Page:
Iran nuclear deal: inflated expectations and another problem?

06.09.2022

Negotiations on the restoration of the Joint Comprehensive Plan of Action (JCPOPA) have entered its final phase almost a month ago. However, in recent days, a dangerous regression has been noted in the case of restoring the “nuclear deal”.

Amid the 10th NPT Review Conference, on August 8, the EU Coordinator circulated “the final text” of agreement on the restoration of the JCPOA. The parties only needed to decide whether the project is acceptable to them or not. At that time, it seemed that the restoration of the “nuclear deal” was a matter of a few days.

Despite these high expectations, by mid-August the approval process for the proposed agreement began to drag on. Mindful of the events of 2018, Iran demanded guarantees that it would be able to reap the economic benefits from the reopening of the deal, as well as financial compensation in occasion the US re-withdraws from the JCPOA.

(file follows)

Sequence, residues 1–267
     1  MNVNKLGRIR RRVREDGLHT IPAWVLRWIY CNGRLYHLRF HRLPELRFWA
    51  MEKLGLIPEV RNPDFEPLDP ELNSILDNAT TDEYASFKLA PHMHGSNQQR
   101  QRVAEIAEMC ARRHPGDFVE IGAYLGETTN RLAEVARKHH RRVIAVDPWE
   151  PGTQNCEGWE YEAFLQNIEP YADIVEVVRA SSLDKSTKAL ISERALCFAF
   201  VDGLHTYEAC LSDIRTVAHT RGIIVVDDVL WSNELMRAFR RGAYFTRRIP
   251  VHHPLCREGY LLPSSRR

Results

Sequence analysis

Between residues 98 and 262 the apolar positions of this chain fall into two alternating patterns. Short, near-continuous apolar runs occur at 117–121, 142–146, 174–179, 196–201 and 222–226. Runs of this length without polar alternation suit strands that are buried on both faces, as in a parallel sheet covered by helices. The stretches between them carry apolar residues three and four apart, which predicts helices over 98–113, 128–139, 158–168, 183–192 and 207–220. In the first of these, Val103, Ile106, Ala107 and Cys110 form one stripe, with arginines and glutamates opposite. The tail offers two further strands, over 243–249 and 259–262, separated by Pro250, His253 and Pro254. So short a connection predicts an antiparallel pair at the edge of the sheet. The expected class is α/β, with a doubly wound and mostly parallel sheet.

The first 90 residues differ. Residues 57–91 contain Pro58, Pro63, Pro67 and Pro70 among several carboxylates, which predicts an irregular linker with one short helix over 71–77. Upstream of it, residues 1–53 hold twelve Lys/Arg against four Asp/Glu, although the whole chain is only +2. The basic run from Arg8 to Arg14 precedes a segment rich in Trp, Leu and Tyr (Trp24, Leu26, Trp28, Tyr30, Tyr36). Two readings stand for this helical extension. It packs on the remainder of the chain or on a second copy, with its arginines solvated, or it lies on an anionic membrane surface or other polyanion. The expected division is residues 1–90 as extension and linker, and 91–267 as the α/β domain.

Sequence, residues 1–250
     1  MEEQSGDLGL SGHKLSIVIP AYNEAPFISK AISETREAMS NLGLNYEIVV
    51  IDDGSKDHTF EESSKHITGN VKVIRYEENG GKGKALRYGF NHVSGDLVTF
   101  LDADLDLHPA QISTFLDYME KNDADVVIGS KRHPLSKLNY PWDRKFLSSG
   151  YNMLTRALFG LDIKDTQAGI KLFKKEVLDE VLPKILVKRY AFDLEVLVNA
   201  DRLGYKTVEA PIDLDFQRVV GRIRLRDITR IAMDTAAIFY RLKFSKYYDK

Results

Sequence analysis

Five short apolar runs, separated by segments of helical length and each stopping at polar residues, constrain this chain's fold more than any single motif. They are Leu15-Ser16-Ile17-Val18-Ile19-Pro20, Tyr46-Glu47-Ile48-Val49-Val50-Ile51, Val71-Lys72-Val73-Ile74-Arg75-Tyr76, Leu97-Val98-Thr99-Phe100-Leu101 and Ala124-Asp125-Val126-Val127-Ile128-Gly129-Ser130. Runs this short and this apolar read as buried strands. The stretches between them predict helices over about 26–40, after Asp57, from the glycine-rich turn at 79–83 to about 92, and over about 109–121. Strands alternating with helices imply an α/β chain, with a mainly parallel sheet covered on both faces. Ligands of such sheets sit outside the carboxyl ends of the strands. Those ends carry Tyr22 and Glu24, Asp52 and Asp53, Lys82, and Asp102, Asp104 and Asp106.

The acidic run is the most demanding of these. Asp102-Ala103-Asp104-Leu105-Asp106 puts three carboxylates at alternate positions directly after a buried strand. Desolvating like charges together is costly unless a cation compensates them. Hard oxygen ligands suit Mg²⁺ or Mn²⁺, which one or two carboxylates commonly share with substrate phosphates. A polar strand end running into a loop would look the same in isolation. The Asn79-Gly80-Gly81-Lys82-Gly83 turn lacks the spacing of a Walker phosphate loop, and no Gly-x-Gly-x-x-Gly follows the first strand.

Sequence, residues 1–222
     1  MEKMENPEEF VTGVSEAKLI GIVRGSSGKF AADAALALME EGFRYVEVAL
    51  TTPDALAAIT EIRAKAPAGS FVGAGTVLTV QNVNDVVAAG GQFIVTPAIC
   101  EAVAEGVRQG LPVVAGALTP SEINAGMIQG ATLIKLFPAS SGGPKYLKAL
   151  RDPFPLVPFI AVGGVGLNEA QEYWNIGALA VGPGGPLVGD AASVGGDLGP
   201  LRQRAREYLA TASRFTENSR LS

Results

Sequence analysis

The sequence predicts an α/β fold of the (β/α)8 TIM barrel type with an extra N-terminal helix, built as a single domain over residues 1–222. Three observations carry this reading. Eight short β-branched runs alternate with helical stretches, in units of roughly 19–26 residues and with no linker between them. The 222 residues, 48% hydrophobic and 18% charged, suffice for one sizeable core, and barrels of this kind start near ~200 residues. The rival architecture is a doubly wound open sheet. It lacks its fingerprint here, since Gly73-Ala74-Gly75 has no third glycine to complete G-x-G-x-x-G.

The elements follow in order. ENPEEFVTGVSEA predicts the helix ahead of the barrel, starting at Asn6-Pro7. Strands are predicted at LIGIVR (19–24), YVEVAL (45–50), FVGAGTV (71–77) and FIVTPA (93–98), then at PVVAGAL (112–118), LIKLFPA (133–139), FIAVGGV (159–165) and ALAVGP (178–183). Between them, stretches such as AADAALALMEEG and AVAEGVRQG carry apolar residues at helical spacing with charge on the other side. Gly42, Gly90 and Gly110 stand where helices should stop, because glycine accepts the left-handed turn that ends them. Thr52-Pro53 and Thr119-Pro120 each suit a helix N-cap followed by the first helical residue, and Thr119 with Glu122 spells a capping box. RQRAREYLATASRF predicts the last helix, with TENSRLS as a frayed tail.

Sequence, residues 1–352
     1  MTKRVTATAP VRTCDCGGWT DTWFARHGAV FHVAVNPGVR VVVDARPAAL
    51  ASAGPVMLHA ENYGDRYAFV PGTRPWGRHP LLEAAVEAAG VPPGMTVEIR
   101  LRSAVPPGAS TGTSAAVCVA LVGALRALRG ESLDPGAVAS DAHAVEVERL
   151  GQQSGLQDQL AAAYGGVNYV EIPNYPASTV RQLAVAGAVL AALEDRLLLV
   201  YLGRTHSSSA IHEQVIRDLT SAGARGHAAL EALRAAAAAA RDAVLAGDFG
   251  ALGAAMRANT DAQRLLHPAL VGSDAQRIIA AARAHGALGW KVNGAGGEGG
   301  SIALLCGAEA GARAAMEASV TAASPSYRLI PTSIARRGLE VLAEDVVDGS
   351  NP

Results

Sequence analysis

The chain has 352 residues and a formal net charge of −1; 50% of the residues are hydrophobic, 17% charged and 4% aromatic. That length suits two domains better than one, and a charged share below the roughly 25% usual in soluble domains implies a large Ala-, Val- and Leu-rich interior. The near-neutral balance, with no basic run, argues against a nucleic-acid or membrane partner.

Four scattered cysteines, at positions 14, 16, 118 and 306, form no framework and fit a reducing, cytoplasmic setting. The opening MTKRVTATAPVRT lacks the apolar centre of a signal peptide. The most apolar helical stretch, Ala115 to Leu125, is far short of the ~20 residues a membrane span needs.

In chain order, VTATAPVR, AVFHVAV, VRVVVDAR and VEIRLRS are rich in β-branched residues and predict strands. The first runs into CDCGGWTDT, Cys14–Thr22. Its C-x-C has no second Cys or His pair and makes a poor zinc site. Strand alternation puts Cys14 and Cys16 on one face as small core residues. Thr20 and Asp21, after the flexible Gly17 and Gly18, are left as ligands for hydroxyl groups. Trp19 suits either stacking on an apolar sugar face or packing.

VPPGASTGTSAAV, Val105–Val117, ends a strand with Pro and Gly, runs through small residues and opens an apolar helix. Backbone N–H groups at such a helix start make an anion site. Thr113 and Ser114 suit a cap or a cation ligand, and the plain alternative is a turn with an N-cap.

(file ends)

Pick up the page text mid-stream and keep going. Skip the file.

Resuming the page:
On the 20th of August, news appeared that Iran had abandoned its demand to remove the IRGC from the American list of foreign terrorist organizations. Such a move by Iran was verbally perceived in the EU and the US as reasonable, and soon American proposals were sent to Tehran. Despite this, information appeared that in the American response, all additional demands from the Iranian side were rejected; in particular, the United States continued to insist that the enrichment level of Iranian uranium should not exceed 4%.

As a result, on September 2, Tehran gave its response to the American proposals, which was described in the US and the EU as a “step back.” Apparently, concessions from Tehran were perceived in the West not as a positive signal, but as a sign of weakness.

It is also necessary to note two factors that have accompanied the process of negotiations on the JCPOA in recent weeks – the exchange of strikes between the US military and pro-Iranian military groups in Iraq and Syria, as well as the active diplomacy of Israel, probably trying to toughen Washington's position.

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